"Wodan Heals Balder's Horse" (1905) by Emil Doepler

Sinthgunt is a figure in Germanic mythology, attested solely in the Old High German 9th- or 10th-century "horse cure" Merseburg Incantation. In the incantation, Sinthgunt is referred to as the sister of the personified sun, Sunna (whose name is alliterative to Sinthgunt),[1] and the two sisters are cited as both producing charms to heal Phol's horse, a figure also otherwise unattested. The two are then followed by Friia and Uolla, also alliterative and stated as sisters.

As Sinthgunt is otherwise unattested, her significance is otherwise unknown, but some scholarly theories exist about her role in Germanic mythology based on proposed etymologies, and the potential significance of her placement within the incantation.


The etymology of Sinthgunt is unclear. Within the original manuscript, Sinthgunt is spelled "Sinhtgunt" (emphasis added). Sticking directly to this reading has yielded interpretations such as "the night-walking one". As a result of the paring with Sunna, the personified sun, this etymology has been interpreted as a reference to the moon. However, this reading has yielded problems; the moon in Germanic mythology is considered masculine, exemplified in the personification of the moon in Norse mythology, Máni, a male figure. Interpretations from the amended "Sinthgunt" have resulted in readings such as "the one moving into battle" or "heavenly body, star".[2]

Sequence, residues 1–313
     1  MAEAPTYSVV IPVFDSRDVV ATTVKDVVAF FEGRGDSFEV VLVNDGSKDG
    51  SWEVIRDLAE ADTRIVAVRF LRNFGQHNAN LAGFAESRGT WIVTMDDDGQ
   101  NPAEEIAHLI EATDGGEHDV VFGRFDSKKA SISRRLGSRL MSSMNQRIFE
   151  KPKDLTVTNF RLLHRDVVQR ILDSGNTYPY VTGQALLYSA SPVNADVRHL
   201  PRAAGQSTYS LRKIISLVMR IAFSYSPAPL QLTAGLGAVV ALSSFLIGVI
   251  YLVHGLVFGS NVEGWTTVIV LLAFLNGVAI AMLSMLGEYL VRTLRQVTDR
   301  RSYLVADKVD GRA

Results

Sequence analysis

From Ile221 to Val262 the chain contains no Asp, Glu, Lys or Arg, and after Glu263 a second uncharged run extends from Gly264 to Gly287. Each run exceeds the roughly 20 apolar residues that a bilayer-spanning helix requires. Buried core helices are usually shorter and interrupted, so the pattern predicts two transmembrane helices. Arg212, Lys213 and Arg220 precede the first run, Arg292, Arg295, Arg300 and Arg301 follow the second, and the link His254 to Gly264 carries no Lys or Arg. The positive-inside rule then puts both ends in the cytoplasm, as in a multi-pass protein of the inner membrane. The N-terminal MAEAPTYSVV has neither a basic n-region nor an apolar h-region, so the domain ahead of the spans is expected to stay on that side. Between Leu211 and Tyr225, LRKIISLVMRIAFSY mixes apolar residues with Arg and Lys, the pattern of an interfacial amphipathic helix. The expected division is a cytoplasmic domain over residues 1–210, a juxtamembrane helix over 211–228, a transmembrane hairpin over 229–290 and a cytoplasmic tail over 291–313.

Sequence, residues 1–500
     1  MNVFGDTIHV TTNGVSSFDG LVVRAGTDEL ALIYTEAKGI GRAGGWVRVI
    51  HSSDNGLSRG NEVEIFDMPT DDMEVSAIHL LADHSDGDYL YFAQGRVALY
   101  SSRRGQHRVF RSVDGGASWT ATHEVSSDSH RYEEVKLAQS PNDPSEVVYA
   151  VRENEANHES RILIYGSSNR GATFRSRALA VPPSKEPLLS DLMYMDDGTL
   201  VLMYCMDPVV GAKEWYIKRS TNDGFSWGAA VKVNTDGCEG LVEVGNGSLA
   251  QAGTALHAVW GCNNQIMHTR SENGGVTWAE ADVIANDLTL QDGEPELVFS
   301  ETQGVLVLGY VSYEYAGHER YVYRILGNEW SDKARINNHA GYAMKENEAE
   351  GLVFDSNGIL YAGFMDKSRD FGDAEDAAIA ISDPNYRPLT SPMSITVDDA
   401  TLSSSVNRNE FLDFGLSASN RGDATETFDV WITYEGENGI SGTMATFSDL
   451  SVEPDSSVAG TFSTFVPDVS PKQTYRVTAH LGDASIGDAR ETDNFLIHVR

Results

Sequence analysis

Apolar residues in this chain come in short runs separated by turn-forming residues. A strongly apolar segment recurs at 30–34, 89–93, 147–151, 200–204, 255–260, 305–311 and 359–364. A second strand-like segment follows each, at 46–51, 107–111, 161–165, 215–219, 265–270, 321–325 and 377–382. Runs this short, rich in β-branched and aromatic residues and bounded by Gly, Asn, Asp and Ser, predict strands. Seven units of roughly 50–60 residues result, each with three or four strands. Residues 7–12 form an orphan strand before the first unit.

The figures Fulla (Uolla) and Frigg (Friia) are attested together in later Old Norse sources (though not as sisters), and theories have been proposed that the Fulla may at one time have been an aspect of Frigg. As a result, this notion has resulted in theory that a similar situation may have existed between the figures of Sinthgunt and Sól, in that the two may have been understood as aspects of one another rather than entirely separate figures.[3]


  1. Orchard (1997:112).
  2. Simek (2007:285-286).
  3. Bostock (1976:29).


  • Bostock, John Knight. King, Charles Kenneth. McLintock, D. R. (1976). A Handbook on Old High German Literature. Oxford University Press. ISBN 0-19-815392-9
  • Orchard, Andy (1997). Dictionary of Norse Myth and Legend. Cassell. ISBN 0-304-34520-2
  • Simek, Rudolf (2007) translated by Angela Hall. Dictionary of Northern Mythology. D.S. Brewer. ISBN 0-85991-513-1

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